7. Clear your inbox daily
If you work within deadlines, you can clear all your emails in your inbox at the end of each day and at the end of each week.
All you need to do is to prioritize. Reply to all those emails you deem urgent and archive or delete the rest. If you start your day with yesterday’s backlog, you will get overwhelmed before the week is over.
Another aspect of email management involves building processes that will allow you to act on tasks originating from your inbox a lot faster. To do this, you have to automate your mail process.
8. Recycle your responses
If you find that some of the emails in your inbox are similar on a large extent, reply to them using responses you have already sent to the other almost similar emails.
You could save a couple of minutes per email in this way.
9. Use auto-respond
Customize automatic responses that you can send for different types of emails. A good auto-responder to use is one informing the sender of when they can expect a response from you. This will ease off any unnecessary pressure.
10. Sort emails into folders
All the emails that you get will fall into these groups:
- Emails that do not need you to act on them
- Emails that require a response
- Emails that require a response and action
You can move these three categories in different folders to better prioritize the last 2 categories. Also, set up filters that will sort your email by content, subject line and sender.
Also check out Grab App to transform Google into organized lists.
11. Track emails that have been opened
If you are sending cold emails and you want to know whether your prospects have read them, you can use software such as bananatag to help you decide which prospects to pursue more aggressively and which ones to de-prioritize.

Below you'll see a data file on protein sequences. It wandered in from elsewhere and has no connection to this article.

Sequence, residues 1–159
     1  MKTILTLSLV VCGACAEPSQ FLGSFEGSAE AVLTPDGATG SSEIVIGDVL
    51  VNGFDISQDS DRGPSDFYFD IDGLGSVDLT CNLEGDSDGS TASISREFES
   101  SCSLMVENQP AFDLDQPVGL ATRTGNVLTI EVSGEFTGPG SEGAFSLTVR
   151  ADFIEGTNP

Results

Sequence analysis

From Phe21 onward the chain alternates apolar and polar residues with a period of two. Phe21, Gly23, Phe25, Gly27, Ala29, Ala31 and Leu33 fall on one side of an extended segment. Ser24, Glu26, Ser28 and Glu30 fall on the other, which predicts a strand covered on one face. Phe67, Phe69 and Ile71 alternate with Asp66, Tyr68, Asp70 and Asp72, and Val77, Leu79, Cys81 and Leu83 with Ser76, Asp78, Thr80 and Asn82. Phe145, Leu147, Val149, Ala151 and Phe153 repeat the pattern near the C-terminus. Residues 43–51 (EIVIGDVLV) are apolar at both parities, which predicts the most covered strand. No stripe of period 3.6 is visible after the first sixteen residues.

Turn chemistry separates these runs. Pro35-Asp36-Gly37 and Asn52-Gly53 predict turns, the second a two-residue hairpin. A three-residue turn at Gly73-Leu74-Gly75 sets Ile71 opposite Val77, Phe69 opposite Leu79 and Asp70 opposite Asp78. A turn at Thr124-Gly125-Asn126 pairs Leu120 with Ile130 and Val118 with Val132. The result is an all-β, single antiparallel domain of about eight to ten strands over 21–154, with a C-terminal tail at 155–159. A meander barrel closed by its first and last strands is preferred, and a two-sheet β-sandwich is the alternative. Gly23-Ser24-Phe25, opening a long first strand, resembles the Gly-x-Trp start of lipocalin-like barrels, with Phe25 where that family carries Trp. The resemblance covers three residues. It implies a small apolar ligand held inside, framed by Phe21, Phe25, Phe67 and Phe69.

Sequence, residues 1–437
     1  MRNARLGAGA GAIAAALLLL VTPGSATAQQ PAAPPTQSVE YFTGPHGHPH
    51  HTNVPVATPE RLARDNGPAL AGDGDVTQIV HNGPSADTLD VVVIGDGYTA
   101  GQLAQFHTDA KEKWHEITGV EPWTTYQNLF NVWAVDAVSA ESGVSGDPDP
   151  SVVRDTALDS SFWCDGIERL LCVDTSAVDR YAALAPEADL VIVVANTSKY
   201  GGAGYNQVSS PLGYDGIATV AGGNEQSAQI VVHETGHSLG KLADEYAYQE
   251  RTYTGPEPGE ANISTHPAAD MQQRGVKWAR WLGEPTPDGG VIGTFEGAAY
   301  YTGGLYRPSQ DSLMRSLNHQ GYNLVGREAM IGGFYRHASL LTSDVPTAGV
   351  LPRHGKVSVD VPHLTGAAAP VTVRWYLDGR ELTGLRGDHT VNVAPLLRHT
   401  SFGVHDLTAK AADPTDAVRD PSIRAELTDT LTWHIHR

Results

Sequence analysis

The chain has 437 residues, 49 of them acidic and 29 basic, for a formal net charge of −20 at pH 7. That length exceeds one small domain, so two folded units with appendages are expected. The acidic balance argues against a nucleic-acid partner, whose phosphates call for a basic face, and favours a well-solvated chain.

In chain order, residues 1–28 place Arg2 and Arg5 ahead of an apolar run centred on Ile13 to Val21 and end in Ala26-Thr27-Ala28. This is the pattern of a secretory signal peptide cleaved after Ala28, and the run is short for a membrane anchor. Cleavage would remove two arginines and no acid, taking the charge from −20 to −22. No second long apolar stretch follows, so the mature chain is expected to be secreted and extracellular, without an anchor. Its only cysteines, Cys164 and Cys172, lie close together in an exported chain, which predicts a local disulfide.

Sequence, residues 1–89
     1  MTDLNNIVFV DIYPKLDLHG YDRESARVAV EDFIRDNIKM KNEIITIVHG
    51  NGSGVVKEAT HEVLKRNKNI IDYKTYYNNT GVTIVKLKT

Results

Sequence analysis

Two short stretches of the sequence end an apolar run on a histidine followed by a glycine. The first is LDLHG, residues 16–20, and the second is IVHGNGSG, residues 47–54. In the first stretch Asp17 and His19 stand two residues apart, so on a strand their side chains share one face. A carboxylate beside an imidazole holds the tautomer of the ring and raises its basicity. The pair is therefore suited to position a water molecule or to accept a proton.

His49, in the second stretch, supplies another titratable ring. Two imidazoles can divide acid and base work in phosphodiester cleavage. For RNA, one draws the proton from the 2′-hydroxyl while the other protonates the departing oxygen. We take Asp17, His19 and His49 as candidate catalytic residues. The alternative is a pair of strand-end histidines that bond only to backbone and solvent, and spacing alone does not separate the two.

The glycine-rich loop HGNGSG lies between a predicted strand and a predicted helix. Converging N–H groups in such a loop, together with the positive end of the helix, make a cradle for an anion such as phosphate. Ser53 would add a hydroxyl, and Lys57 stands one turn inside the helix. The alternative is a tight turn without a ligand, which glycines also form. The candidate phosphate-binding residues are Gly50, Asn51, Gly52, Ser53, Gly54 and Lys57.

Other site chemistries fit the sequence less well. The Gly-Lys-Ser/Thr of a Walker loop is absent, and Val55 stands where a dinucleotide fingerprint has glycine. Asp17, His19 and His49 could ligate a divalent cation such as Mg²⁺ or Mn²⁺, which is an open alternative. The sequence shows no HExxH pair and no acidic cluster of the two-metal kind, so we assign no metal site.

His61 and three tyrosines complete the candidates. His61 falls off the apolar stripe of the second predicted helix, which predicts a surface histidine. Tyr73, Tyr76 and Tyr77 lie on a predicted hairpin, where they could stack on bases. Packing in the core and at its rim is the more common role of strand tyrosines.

12. Automate your follow up process
There are tools, such as followup.cc, that will automate all your follow-up tasks. If you don’t automate, you are bound to forget about important projects.
13. Incorporate email with other software
A tool like Zapier can help you to better track emails related to projects, by integrating your emails to other software that you use for your work, such as project management tools, Evernote and others. This way, your less important emails will not crowd other emails.
Another way of managing your inbox is by cutting out email completely. You can do so in the following ways:
You can hire a virtual assistant to attend to your emails, so that you get more time to focus on other important tasks.
15. Use other communication tools
You can substitute email with apps like WhatsApp or Slack as such are more streamlined and elicit faster responses.
Email is important but if it begins to take over your day, you can do a lot to change the way you work.
It is not unheard of for people to cut off email completely. Sometimes other forms of communication can be more efficient and you should embrace them.
Author bio: Jenny Richard is a writer and database expert at http://remotedba.com/. She works at a Remote DBA Expert firm. She likes to share knowledge and points of view with others.